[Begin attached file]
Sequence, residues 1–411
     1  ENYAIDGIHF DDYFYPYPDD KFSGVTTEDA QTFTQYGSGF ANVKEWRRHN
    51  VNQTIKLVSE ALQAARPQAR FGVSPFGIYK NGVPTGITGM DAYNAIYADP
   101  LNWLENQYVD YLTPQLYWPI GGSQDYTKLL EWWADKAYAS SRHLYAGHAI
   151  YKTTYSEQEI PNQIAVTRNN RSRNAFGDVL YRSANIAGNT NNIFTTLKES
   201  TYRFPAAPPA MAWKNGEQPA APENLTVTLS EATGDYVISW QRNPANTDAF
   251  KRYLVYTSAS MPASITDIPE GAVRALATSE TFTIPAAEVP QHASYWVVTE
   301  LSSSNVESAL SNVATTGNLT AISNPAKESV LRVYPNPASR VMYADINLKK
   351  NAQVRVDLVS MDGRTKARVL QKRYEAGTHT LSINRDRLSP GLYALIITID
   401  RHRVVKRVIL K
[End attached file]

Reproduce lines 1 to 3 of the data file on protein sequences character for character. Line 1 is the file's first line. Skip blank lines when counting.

Sequence, residues 1–411
     1  ENYAIDGIHF DDYFYPYPDD KFSGVTTEDA QTFTQYGSGF ANVKEWRRHN
    51  VNQTIKLVSE ALQAARPQAR FGVSPFGIYK NGVPTGITGM DAYNAIYADP